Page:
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The New Zealand Medical Journal

 Journal of the New Zealand Medical Association, 20-January-2012, Vol 125 No 1348

Spontaneous pneumomediastinum without pneumothorax in idiopathic pulmonary fibrosis
Martyn P T Kennedy, Ahmed Fahim, Graham Smith
A 58-year-old man with a background of idiopathic pulmonary fibrosis (IPF) presented with a sudden onset of breathlessness following repeated coughing. He was a life-long non-smoker. On examination, there was evidence of extensive subcutaneous emphysema involving his neck and chest. He was haemodynamically stable with oxygen saturations of 95% breathing room air.
A chest radiograph, obtained at presentation, showed evidence of pneumomediastinum (Figure 1) as well as presence of subcutaneous air in a diffuse pattern.
Figure 1. Chest radiograph showing evidence of subcutaneous emphysema and pneumomediastinum
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A thoracic computed tomography (CT) scan (Figure 2) was obtained to further characterise the extent of pneumomediastinum and evaluate for co-existing pneumothorax. The CT scan confirmed the radiographic findings of mediastinal air collection with no evidence of either a pneumothorax or oesophageal rupture.
Figure 2. Images from a CT scan showing subcutaneous emphysema and pneumomediastinum without any co-existing pneumothorax
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The patient was treated conservatively with spontaneous improvement in symptoms and significant resolution of pneumomediastinum on follow-up chest radiographs.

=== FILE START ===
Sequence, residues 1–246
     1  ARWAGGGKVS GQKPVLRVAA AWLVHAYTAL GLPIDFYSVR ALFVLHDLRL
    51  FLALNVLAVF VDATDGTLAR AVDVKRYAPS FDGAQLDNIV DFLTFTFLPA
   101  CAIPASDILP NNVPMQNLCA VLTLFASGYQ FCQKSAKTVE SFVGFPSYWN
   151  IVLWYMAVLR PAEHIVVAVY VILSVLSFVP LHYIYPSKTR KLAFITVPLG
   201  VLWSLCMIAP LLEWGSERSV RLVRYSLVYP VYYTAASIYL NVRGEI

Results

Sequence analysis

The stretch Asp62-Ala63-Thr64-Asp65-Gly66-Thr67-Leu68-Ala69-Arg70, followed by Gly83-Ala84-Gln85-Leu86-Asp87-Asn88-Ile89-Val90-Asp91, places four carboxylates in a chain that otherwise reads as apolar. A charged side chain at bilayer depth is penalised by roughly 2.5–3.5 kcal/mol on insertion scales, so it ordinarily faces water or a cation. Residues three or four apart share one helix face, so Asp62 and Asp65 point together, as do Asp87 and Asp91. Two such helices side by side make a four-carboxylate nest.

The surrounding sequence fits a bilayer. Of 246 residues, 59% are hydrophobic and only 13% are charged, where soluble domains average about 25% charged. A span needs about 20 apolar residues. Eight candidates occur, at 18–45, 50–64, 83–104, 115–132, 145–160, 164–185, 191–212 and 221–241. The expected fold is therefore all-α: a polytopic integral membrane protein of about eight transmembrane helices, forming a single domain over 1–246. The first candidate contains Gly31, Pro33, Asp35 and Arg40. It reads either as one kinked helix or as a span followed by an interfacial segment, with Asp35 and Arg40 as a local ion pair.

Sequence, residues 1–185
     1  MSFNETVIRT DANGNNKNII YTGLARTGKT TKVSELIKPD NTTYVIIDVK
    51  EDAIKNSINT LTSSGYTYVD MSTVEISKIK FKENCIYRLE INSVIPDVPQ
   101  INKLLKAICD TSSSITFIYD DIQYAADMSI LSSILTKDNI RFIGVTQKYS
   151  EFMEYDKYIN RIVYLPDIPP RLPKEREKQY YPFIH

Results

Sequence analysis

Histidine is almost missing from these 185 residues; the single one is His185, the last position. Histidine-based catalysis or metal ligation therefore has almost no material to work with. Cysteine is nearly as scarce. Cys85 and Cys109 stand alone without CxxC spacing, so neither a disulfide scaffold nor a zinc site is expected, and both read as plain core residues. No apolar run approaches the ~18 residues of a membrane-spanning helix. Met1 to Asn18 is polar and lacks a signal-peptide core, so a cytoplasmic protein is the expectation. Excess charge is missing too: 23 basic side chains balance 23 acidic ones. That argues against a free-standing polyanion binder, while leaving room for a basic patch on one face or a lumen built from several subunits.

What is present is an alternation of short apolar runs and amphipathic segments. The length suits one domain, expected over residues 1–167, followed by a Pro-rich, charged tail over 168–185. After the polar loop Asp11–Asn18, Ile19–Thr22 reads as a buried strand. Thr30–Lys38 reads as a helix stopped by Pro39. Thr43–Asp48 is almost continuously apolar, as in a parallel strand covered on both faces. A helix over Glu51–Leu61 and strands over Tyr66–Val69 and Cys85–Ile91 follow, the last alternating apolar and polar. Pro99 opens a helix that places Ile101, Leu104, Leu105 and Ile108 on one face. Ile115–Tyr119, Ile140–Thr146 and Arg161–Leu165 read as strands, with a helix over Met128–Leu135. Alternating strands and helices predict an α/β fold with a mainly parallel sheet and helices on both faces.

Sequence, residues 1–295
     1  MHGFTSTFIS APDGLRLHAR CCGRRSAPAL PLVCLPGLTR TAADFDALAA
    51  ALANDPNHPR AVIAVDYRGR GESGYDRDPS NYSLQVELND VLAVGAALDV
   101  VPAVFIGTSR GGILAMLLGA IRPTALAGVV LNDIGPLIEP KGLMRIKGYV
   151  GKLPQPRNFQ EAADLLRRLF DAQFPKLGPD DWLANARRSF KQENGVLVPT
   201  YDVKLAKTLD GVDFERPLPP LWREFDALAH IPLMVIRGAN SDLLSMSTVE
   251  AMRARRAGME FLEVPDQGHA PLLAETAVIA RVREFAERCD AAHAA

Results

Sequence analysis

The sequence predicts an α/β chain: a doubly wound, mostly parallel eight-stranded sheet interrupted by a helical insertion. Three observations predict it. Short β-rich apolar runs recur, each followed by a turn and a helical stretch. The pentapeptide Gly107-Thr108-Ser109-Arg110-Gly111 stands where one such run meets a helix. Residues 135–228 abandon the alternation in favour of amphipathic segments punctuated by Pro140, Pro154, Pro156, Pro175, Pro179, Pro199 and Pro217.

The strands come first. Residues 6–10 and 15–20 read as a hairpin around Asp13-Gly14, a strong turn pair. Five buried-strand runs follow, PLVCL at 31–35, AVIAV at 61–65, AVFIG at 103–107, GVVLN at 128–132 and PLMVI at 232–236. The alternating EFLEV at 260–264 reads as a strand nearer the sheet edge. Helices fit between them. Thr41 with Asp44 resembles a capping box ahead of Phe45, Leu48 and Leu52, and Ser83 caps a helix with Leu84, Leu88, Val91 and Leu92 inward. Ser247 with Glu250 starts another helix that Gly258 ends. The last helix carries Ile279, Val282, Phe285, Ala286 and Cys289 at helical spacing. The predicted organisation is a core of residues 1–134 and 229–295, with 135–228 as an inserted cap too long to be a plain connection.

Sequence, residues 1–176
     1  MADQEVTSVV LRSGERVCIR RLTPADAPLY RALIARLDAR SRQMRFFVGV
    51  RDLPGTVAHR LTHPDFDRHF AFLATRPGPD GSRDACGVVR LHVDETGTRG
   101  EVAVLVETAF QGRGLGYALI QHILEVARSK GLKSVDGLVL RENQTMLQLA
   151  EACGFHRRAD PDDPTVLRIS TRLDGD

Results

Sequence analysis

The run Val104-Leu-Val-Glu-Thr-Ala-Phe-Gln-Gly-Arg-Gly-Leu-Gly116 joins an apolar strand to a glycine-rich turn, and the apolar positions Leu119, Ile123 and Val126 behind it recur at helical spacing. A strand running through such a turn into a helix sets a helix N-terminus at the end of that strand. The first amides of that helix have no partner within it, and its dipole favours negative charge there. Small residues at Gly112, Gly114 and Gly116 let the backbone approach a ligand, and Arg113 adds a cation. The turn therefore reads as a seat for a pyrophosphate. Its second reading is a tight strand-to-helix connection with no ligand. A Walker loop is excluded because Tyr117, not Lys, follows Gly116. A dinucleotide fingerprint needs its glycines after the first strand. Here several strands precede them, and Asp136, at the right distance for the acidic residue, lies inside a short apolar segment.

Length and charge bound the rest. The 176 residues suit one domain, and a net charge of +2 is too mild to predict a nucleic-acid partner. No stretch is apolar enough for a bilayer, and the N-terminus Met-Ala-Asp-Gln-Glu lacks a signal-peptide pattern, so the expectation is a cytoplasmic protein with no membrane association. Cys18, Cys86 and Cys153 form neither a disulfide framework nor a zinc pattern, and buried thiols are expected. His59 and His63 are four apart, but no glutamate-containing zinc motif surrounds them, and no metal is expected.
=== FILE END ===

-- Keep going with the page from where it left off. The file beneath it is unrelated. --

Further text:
This case highlights the importance of considering spontaneous pneumomediastinum (SPM) following repeated attacks of cough in a patient with IPF. Although pneumothorax is commonly associated with SPM, this case suggests that this diagnosis should be considered even in the absence of a pneumothorax. The likely mechanism of the development of SPM is alveolar rupture secondary to increased intrathoracic pressure.1,2
In this particular case, the increased intrathoracic pressure is believed to be the result of extensive cough. CT scan is the diagnostic modality of choice in suspected SPM as it provides more precise information regarding the presence, extent of extra-alveolar air and co-existing pneumothorax.3
Author information: Martyn PT Kennedy, SHO; Ahmed Fahim, SpR; Graham Smith, Consultant; Respiratory Medicine, Pinderfields Hospital, Mid Yorkshire NHS Trust, Wakefield, England
Correspondence: Dr Martyn Kennedy, c/o Dr G Smith, Pinderfields Hospital, Aberford Road, Wakefield WF1 4DG, UK. Email: martynkennedy@doctors.org.uk
References:
  1. Macklin CC. Transport of air along sheats of pulmonic blood vessels from alveoli to mediastinum. Arch Intern Med. 1939;64:913-926.
  2. Abolnik I, Lossos IS, Breuer R. Spontaneous pneumomediastinum. A report of 25 cases. Chest. 1991;100:93-95.
  3. Franquet TGiménez ATorrubia S, et al. Spontaneous pneumothorax and pneumomediastinum in IPF. Eur Radiol. 2000;10:108-13.
     
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